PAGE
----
This approach worked pretty well until a number of reports emerged starting that internal threats accounted for around 50 to 60 percent of the total security threats to a company. Now the bad guys were more difficult to classify. This revelation required a new approach to security that revolved around keeping the bad guys out, even if they were inside the network. Companies ensured they had all their systems patched and “hardened” so that no attacker would be able to break in. This approach too has lasted a number of years and been very successful.
Recently, however there’s been a marked move towards a new security approach. This approach revolves around securing the data itself as opposed to just the systems and networks that hold the data.
Why the somewhat radical shift in focus and need for a new approach? There are a multitude of reasons but the primary drivers are the increased awareness of the value of data and the failure of the existing security approaches to secure the data.
Companies now more than ever are realizing that their confidential data is in many cases the lifeblood of their business and loss or theft of the data could be critical.
A simple example would be the prior approach to dealing with lost laptops. Previously a laptop left in the back of a taxi would have been written off as just the replacement cost of the laptop. The total cost to the business would be €500 maybe. Now however companies realize that the data stored on the laptop may be worth a whole lot more. How much would that laptop be worth if it currently held all your customer records? While it’s hard to determine you can guarantee it’s a lot more than €500, especially if you hadn’t backups of the data!
Of course this is just one example of how former security controls don’t adequately secure the data. Another major source of new risks to data is the fact that companies now want to share and integrate more with their customers and suppliers than ever before. Integration is no longer a competitive advantage, it’s a requirement. This often involves giving external users access to internal systems and applications, many of which were previously hidden from public view by layers of firewalls. This increased requirement to expose internal applications to the public has emerged in conjunction with the explosion in web application security research. The problem here is that many of the vulnerabilities within web applications are exploited through the normal functionality of the application of which firewalls and traditional security measures have no visibility.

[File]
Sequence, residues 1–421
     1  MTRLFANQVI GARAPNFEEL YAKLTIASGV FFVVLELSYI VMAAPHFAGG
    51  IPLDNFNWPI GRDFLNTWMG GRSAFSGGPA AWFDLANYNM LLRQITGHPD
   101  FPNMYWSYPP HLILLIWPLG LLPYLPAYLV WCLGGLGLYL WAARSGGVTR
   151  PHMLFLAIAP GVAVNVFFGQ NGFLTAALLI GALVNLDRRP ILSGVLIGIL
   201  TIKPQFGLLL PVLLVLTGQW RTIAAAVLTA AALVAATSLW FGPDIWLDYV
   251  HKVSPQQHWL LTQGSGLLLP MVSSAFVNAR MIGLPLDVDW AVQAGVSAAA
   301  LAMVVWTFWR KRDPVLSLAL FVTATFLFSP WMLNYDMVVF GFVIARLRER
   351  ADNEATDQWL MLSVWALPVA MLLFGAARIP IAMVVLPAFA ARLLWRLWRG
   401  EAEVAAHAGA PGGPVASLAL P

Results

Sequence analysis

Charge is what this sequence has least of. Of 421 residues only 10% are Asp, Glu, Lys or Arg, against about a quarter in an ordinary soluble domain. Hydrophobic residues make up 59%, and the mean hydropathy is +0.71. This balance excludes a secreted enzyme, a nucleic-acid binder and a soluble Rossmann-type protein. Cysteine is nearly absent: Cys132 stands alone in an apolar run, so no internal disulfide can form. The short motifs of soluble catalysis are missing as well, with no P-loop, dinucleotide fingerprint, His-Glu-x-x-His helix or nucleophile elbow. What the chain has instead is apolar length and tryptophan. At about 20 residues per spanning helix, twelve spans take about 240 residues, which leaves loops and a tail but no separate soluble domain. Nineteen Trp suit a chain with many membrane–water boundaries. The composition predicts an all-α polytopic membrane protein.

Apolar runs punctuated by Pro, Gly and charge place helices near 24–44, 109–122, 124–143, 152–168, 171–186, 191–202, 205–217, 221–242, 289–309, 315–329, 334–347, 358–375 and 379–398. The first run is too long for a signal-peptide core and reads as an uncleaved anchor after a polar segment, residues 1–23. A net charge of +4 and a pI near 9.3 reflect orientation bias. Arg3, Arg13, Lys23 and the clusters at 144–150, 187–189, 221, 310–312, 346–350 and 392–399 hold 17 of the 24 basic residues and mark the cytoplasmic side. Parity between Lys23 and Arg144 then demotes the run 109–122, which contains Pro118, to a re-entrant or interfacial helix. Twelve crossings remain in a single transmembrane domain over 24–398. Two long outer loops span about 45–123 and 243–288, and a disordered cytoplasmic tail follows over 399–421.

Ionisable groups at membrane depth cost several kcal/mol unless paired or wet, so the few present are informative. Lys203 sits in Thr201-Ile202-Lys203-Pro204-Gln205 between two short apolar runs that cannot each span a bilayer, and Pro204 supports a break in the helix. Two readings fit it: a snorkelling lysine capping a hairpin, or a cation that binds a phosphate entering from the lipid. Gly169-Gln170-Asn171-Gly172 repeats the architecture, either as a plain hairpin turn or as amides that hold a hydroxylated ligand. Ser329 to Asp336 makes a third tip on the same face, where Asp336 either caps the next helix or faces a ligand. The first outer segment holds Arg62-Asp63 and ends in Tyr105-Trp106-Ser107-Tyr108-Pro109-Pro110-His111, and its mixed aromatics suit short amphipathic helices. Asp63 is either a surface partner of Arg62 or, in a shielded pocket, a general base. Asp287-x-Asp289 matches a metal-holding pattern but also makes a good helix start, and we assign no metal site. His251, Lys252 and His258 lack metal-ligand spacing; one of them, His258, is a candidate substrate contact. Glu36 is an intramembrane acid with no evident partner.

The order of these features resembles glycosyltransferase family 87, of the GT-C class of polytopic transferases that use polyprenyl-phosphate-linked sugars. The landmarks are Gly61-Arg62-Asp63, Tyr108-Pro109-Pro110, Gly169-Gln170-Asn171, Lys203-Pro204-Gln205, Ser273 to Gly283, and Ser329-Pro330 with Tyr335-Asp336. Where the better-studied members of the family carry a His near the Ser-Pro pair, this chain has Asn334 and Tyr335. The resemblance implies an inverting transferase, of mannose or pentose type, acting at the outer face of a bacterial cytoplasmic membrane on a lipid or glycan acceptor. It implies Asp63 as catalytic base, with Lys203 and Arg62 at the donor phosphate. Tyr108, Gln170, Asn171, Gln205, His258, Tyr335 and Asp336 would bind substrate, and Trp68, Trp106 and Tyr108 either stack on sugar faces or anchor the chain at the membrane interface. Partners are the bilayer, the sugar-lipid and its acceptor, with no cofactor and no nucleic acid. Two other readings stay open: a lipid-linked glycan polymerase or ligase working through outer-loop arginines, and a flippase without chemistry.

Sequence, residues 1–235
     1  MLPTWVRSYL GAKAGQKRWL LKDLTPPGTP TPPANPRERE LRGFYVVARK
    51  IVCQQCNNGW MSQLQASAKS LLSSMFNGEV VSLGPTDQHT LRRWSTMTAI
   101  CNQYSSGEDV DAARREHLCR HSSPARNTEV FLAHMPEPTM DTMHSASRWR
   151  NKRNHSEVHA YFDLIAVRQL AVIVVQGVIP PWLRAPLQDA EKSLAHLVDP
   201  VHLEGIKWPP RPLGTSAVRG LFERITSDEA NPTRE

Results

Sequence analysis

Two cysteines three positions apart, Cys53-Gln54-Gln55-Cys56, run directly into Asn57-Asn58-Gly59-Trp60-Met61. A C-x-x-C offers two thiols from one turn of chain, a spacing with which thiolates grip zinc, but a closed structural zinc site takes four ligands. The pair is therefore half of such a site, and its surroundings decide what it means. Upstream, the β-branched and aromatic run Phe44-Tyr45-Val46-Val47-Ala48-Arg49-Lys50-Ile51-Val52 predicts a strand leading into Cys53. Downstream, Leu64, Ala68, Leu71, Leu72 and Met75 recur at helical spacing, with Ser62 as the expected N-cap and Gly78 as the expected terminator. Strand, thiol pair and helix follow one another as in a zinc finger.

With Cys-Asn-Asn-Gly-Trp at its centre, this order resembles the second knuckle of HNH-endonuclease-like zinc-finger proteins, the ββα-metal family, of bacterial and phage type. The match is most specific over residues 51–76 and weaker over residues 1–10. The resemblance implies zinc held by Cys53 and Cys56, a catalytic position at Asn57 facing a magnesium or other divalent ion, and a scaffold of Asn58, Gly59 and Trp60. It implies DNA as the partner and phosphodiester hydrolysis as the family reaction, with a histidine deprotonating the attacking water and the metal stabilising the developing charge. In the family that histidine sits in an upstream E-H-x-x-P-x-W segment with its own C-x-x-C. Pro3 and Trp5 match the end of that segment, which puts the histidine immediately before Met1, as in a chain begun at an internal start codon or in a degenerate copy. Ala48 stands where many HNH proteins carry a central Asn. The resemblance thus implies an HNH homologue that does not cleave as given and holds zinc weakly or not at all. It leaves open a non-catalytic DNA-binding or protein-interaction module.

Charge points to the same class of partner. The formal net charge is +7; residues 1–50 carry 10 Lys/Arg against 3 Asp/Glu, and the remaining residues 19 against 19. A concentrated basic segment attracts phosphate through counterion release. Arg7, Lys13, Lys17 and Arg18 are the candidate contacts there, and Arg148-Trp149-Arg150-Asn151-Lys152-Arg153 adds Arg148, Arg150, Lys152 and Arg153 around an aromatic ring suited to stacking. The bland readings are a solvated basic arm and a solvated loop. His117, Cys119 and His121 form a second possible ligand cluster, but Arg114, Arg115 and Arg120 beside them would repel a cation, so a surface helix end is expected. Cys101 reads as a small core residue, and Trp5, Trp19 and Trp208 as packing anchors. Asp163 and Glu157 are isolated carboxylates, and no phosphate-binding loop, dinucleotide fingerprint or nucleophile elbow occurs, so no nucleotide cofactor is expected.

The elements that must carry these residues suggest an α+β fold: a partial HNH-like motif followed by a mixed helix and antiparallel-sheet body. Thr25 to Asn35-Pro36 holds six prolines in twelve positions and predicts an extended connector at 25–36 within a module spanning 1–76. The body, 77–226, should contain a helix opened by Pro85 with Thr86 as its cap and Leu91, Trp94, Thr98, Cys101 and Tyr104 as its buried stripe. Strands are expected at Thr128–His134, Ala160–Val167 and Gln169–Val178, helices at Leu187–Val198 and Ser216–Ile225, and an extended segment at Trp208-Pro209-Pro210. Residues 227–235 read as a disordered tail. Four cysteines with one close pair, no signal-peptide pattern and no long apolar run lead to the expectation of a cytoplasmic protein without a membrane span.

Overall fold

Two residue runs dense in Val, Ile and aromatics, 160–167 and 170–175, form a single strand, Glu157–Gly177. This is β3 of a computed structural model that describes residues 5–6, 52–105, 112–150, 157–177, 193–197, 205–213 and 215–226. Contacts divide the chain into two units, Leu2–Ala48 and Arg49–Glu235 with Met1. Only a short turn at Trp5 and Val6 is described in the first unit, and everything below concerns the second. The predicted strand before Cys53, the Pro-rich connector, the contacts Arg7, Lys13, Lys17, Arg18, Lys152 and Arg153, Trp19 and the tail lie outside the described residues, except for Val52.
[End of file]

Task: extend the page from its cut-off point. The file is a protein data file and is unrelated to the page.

So what does this shift in approach actually entail for the average security manager? One of the most significant shifts is that the security manager must now interact more with the data owners. Previously if a new financial application was being introduced the security team would harden the server and then restrict access to it using a firewall. At that point their job was often done. The finance team would administer the application and that would be the end of it. Under the new data security approach however, the security team would also have to speak with the finance team to determine what kind of data will be stored in the new system, how sensitive that data will be, who will require access and where will the data flow both within and outside of the application.
Essentially the main elements of data security revolve around data classification, data encryption, data integrity and data access control.
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